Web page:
Why Post Office workers are going on strike



Dozens of Post Office branches have closed today as hundreds of staff walked out over a pay dispute.

A Post Office spokesperson told Sky News that “the vast majority” of its 11,500 branches would remain open during the one-day industrial action, but there will be no cash deliveries or collections for a 24-hour period from all UK post offices. 

Of the 114 branches directly managed by the Post Office, mainly in city centres and which were expected to be most seriously impacted by the industrial action, 50 have been able to open, according to Employee Benefits.

Pay freeze

The dispute is over a pay freeze for 2021-2022, and an offer of a 2% wage increase from April this year. Post Office employees would also receive a £250 one-off payment if the offer is accepted. The dispute impacts clerical, counter and administrative staff.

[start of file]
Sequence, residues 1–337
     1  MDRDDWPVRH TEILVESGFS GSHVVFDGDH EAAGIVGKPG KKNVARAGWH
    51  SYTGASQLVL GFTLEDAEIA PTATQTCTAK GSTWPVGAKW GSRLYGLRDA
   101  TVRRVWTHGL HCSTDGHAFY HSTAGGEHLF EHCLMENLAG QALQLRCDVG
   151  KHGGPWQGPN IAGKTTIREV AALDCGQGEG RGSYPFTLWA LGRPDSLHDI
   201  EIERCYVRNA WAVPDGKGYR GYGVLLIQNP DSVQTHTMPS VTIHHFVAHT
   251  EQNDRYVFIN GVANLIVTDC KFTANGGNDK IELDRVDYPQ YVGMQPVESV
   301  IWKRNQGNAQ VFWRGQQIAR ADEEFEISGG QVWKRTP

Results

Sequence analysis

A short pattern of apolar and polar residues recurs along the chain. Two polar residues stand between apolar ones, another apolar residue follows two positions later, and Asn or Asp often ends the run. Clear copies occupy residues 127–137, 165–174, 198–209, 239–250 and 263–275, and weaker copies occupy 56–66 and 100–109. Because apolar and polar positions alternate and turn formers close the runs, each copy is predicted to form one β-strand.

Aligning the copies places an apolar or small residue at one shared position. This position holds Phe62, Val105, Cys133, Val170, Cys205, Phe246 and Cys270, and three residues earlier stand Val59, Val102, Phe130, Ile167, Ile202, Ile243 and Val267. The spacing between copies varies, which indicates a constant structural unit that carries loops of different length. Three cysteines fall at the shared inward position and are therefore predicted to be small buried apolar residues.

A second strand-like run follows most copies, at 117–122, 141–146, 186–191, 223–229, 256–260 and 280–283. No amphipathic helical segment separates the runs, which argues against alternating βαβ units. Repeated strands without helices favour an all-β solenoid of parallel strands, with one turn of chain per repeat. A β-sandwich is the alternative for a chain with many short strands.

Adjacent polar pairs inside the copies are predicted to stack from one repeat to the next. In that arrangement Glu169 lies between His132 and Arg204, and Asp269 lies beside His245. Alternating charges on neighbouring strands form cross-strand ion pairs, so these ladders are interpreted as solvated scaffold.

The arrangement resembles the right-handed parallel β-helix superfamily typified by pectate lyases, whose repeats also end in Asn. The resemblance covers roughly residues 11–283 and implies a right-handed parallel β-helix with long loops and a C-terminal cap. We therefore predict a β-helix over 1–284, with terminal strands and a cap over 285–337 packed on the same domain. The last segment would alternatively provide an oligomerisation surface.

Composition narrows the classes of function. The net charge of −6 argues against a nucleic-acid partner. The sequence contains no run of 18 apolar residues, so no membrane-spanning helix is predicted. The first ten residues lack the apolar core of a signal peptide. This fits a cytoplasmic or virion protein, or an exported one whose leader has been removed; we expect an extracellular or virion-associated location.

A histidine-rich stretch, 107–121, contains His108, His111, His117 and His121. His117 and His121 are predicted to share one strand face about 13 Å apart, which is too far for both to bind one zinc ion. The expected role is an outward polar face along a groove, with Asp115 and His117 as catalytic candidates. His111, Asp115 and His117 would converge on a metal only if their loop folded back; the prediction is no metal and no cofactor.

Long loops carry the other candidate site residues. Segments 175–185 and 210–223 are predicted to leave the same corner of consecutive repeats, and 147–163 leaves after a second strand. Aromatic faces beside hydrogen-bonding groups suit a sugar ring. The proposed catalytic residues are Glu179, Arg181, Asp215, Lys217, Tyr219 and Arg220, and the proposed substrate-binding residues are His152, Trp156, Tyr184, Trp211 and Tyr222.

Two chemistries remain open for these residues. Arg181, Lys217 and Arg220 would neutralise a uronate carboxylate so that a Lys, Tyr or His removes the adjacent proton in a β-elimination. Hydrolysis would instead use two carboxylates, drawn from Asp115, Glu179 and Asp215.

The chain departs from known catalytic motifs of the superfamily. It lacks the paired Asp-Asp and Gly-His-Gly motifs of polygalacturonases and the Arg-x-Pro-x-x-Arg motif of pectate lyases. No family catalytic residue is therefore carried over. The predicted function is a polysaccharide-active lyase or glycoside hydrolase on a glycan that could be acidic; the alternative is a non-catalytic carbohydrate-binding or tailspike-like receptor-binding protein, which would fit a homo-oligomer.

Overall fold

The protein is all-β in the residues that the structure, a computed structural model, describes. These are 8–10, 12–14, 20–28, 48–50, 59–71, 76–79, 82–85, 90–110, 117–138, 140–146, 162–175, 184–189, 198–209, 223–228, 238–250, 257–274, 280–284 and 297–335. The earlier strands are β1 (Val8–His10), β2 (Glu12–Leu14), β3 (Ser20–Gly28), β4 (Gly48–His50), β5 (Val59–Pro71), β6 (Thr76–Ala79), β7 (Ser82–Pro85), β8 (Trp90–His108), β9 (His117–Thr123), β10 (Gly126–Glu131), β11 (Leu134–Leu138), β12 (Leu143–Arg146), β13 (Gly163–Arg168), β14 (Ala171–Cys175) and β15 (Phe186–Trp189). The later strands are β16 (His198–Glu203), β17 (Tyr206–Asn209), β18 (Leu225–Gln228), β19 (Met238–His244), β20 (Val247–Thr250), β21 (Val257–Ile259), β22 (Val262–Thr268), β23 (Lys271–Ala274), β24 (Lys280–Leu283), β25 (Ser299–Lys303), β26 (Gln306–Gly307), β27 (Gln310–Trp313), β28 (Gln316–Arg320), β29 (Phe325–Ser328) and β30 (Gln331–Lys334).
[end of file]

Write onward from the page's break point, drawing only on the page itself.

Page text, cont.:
The CWU communciations union has described the pay freeze as a “slap in the face” to employees, and said that the proposed wage rise doesn’t match up to the rising prices that staff are facing as the cost of living increases at around 7%. 

The union has said that Post Office management has been unwilling to negotiate over the issue.

The CWU’s members voted overwhelmingly in favour of the strike, with 97.3% of the 70.2% turnout supporting the motion. 

Further action

The union’s assistant secretary Andy Furey said that the offer of a 2% pay rise was “nothing short of an insult to these key workers who provided exemplary services to this nation during the pandemic”. 

Furey said that Post Office employees “deserve far better than the degrading offer currently on the table”, adding that the company’s management had “provoked real anger across the country”.

Services at the affected Post Office branches are set to return to normal tomorrow, but the CWU has said it has a mandate for further strikes in the coming weeks, the BBC reported.


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